A nice scoop from Newsweek Wednesday, as the magazine pulled back the curtain on a clandestine international arms deal approved by the CIA but kept out of the public eye until now.
Jeff Stein at Newsweek reports the CIA gave its blessing to Saudi Arabia's purchase of Chinese missiles in 2007 — on the condition that the CIA examine those weapons and make sure they were not capable of carrying nuclear warheads.
These are China's DF-21 short-range missiles, similar to the model represented here in this animation from Next Media Animation. They pack a punch and have a reputation for precision.
That makes the weapons a real threat to Saudi Arabia's regional rival Iran. The powerful short-range missiles seem ideal for targets in Tehran, just 800 miles north of the Saudi capital.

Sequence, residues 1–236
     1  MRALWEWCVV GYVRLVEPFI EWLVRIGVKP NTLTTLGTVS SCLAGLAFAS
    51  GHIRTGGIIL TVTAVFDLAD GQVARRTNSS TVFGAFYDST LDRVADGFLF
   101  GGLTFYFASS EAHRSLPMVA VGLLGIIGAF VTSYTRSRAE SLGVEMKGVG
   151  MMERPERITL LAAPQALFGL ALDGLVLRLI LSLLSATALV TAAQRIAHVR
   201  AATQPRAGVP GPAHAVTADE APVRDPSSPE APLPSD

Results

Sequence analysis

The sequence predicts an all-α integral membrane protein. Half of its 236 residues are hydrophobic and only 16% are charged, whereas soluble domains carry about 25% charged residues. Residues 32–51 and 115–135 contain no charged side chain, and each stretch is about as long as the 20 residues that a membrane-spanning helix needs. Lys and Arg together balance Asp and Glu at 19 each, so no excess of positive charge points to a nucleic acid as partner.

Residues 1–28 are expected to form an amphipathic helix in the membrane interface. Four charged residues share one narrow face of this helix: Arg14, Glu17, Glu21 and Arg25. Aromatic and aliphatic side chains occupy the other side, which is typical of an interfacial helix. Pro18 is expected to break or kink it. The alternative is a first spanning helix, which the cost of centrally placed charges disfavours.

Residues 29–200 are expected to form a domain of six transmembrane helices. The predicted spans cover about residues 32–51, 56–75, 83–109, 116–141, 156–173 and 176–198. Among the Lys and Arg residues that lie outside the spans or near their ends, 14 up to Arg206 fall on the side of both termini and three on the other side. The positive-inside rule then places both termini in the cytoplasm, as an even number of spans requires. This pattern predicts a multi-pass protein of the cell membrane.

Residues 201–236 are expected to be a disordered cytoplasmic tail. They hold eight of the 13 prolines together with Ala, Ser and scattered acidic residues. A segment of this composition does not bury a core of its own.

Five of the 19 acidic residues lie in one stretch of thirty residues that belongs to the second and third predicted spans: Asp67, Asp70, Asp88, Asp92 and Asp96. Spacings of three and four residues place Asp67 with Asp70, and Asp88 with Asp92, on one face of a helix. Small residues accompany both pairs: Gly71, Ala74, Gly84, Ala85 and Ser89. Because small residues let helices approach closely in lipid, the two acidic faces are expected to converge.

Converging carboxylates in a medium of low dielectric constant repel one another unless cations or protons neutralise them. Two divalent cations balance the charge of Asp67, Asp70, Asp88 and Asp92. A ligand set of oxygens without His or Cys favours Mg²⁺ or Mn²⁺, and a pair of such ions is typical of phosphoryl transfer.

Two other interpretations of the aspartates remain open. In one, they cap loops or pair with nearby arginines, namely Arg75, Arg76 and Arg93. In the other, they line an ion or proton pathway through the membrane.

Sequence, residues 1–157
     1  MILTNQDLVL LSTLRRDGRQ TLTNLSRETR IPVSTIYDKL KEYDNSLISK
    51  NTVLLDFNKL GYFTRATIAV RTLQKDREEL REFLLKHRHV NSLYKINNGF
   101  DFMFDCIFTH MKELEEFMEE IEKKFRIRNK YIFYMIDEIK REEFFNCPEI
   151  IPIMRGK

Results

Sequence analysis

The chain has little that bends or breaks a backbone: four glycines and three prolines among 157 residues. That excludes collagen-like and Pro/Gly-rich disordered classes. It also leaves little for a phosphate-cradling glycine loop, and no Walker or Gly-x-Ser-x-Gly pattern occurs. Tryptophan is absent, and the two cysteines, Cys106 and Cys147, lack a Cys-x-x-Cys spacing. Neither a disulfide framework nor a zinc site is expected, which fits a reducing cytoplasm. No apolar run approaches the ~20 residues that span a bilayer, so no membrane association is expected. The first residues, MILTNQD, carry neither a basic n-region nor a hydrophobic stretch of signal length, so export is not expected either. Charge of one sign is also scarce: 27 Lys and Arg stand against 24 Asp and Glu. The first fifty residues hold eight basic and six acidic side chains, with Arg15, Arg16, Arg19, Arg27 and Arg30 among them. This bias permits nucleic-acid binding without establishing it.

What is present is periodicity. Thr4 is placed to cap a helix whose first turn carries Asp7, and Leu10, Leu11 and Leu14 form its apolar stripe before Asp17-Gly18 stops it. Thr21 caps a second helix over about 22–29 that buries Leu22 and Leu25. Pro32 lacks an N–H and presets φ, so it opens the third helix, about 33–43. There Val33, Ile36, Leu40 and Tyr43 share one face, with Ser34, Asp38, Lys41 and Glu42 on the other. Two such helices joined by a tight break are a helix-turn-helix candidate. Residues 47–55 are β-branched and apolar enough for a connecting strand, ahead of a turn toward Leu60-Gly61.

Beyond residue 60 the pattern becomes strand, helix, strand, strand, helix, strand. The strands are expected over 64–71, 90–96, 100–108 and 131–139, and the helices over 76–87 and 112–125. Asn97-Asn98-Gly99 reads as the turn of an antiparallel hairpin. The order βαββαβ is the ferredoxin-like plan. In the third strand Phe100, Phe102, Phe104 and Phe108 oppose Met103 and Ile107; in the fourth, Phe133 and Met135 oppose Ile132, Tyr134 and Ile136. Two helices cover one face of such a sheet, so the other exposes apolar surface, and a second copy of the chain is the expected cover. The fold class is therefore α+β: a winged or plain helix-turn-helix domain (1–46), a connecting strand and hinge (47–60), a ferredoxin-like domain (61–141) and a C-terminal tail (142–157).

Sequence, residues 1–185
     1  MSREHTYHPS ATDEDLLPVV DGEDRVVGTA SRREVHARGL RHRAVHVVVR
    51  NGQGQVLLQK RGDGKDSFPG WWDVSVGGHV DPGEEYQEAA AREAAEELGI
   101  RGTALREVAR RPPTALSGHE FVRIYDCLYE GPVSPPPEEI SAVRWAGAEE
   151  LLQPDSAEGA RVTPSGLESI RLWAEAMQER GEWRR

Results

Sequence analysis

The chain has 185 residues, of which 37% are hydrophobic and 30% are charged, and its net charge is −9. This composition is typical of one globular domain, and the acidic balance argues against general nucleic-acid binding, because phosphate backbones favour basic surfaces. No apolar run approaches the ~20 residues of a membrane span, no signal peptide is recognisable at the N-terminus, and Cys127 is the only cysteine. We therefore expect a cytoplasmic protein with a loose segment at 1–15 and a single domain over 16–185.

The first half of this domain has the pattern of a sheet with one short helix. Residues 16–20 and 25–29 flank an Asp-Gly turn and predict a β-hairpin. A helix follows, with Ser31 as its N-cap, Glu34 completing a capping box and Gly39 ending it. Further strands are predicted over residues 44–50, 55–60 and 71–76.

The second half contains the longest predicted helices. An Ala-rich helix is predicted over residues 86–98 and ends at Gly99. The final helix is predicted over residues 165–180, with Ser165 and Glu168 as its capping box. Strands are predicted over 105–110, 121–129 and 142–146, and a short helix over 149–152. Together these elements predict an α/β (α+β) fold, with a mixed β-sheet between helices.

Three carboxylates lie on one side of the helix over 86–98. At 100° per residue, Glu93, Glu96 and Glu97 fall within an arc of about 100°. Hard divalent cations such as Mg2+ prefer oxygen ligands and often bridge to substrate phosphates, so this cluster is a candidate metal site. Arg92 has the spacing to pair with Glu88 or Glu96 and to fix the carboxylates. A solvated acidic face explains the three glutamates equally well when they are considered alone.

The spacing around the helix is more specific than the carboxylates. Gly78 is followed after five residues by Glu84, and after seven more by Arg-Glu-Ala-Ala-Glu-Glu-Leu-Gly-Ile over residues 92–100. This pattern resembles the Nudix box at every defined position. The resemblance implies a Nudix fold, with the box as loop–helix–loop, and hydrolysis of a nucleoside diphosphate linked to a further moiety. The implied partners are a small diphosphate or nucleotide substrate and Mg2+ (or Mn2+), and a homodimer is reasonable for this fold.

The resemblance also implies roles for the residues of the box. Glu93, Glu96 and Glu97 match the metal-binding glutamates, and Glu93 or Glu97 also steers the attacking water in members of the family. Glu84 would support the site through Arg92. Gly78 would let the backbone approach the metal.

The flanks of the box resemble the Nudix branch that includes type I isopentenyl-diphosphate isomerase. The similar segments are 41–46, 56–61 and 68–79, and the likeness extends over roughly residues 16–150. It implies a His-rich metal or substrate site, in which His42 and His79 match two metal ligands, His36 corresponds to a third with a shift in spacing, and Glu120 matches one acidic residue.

Newsweek cites experts who say the new missiles are an upgrade from the Chinese DF-3s Saudi Arabia used in the first Gulf War. Stein reports those missiles weren't accurate enough to use without risking massive civilian casualties. (Via NBC)
When Saudi Arabia did buy those older Chinese missiles in 1988, that made its allies in Washington very upset. So this time, the Saudis came to the U.S. and revealed the planned purchase beforehand.
The CIA then spent $700,000 to meet with the Saudis in Washington and then travel to Saudi Arabia to make sure these new missiles could not carry nuclear weapons. (Via Wikimedia Commons / U.S. Navy, Wikimedia Commons / BroadArrow)
Saudi Arabia doesn't have a nuclear weapon as far as the outside world knows. As is, Israel and Pakistan are the only Middle East nations that do.
And with negotiations underway to halt Iran's nuclear program, the U.S. probably doesn't want to give Iran's leaders any more reasons to think they need a nuclear weapon. (Via ITN)